Explainer: Here’s what the Competition Amendment Bill means for SA’s economy


JOHANNESBURG, February 14 – Cape Town-based intellectual property law Adams and Adams Attorneys on Thursday welcomed the signing of the Competition Amendment Bill into law by President Cyril Ramaphosa.

Ramaphosa on Wednesday signed the Competition Amendment Bill into law which he said will be a boost for SMEs and economic inclusion, and would open up the economy to fresh investment and innovation.

Ramaphosa said the Bill also provides a clear mandate to the competition authorities to address economic concentration in a balanced manner and to promote economic transformation, and provides clarity to firms and investors on prohibited practices and what constitutes abuse of dominance.

Misha van Niekerk, senior associate at Adams and Adams, said while controversial on certain aspects, the Amendment Act recognises that the economy must be open to greater ownership by a greater number of South Africans.

Van Niekerk said the Act aims to address structural constraints in the economy through these seven key focus areas, including strengthening the Competition Commission’s powers in relation to market inquiries and impact studies.

“As recently seen with the Health Market Enquiry, the Competition Commission has no explicit power to act on its recommendations. The Amendment Act will empower the Commission to act to remedy, mitigate or prevent the adverse effect on competition by making recommendations to the Competition Tribunal,” she said.

Van Niekerk also said the Amendment Act will increase the role of public interest grounds in the consideration of mergers.

“Therefore, the promotion of a greater spread of ownership for historically disadvantaged persons and workers in the market, as well as their ability to enter into, participate and expand within a market will be central in merger analysis on public interest grounds,” she said.

“This will further lead to the promotion of competition and economic transformation through addressing the structural constraints, for example a greater spread of ownership, within a market.”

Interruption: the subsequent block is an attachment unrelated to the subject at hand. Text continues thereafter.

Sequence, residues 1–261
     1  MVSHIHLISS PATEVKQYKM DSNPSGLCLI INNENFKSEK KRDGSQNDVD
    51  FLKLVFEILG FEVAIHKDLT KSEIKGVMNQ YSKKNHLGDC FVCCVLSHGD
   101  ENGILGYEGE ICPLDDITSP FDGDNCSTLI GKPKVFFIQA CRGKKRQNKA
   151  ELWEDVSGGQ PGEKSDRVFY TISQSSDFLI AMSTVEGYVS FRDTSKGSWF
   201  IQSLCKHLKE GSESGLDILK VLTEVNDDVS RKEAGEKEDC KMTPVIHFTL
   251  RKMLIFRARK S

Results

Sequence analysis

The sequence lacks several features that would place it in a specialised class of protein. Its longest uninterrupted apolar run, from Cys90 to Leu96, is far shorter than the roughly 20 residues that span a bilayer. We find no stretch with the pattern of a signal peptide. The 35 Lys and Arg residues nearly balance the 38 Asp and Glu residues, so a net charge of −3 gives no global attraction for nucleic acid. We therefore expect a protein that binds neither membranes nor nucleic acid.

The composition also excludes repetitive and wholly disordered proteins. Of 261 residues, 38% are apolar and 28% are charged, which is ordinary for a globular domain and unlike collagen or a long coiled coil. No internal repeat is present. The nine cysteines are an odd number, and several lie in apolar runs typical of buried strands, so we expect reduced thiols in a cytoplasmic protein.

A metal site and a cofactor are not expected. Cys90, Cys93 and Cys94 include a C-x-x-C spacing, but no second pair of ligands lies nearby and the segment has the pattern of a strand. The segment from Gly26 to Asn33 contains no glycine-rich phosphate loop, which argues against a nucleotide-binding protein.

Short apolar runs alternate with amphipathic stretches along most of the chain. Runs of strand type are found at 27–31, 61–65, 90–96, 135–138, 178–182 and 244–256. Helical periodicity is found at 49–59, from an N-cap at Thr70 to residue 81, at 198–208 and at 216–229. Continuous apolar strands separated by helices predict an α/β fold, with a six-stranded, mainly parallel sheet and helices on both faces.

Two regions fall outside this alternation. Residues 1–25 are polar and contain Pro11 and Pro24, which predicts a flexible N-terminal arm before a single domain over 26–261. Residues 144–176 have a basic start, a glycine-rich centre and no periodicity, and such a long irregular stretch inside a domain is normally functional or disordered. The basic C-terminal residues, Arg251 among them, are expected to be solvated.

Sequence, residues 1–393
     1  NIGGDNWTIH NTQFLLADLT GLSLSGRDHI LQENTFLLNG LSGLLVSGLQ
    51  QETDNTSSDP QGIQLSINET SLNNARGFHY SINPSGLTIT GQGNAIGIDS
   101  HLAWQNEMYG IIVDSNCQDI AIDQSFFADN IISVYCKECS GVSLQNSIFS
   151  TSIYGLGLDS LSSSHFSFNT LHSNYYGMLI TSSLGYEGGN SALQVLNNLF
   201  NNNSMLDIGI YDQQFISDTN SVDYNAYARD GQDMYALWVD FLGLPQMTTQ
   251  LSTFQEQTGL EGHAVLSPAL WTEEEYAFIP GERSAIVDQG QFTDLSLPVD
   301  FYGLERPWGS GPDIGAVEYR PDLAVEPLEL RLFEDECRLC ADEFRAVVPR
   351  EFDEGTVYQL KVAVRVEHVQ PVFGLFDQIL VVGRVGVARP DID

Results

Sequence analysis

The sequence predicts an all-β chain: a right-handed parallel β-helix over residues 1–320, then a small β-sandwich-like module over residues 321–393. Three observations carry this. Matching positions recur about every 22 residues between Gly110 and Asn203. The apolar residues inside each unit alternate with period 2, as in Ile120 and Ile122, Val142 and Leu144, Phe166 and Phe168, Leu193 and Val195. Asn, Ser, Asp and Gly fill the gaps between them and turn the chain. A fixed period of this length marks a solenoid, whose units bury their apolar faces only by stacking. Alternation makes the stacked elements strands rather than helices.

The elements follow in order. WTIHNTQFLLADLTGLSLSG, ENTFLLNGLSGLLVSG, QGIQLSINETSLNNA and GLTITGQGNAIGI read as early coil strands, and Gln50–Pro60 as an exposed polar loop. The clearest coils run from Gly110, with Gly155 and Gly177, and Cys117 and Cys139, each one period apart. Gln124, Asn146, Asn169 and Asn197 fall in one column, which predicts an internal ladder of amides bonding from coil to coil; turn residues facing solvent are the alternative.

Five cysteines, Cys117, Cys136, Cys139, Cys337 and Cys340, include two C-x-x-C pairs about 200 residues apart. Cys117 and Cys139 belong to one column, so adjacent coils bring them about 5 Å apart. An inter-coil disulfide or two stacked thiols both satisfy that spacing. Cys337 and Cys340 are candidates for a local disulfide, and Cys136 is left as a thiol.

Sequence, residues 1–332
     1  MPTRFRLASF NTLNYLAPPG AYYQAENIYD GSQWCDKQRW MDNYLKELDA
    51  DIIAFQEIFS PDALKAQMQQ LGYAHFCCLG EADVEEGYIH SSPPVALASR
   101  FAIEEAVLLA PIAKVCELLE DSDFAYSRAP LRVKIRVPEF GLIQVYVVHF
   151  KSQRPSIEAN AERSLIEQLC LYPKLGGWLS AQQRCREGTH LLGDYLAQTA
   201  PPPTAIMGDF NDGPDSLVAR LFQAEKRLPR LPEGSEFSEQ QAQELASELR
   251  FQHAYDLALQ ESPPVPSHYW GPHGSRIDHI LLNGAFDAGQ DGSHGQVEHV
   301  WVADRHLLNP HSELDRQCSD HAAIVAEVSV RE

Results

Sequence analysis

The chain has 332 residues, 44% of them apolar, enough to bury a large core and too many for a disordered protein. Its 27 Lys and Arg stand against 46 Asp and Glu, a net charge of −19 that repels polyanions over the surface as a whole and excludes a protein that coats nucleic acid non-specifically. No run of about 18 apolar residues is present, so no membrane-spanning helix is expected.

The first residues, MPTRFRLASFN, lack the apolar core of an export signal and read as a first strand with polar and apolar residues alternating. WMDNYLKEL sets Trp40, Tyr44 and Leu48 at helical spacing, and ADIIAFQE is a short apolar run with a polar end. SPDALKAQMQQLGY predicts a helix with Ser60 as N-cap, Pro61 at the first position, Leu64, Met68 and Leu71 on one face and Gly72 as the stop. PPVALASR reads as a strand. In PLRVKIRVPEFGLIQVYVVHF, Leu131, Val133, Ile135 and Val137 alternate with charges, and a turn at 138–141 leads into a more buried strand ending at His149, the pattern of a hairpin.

Van Niekerk said the Act will enforce a reverse onus on dominant firms to show that the price of its goods and services is reasonable, as the list of prohibited conduct has been expanded and previous ‘yellow card’ offences will now result in an administrative penalty.

Penalties for contraventions of the Act have been increased from 10 percent to 25 percent of a firm’s annual turnover if conduct constitutes a repeat offence. The group or controlling firm may be held liable jointly and severally for an administrative penalty.

Van Niekerk also explained that the minister o trade and industry will be empowered to participate in merger proceedings and applications for exemptions, specifically in relation to public interest grounds.

“In terms of the Amendment Act, the minister has the right of appeal against a merger decision of competition authorities if it has substantial public interest implications for a particular industrial sector,” she said.

In terms of national security, the Act empowers the President may constitute a national security committee which will be responsible for considering whether the implementation of a merger involving a foreign acquiring firm may have an adverse effect on the national security interests of South Africa.

“The Amendment Act further clarifies provisions of the Act relating to prohibited practices, restricted horizontal and vertical practices, abuse of dominance and price discrimination through the addition of various definitions,” van Niekerk said.

“The definitions added in the Amendment Act include margin squeeze, average avoidable and voidable cost, predatory prices, etc. These additions will assist firms, as well as the competition authorities with the interpretation and assessment of various prohibited practices.” (ANA)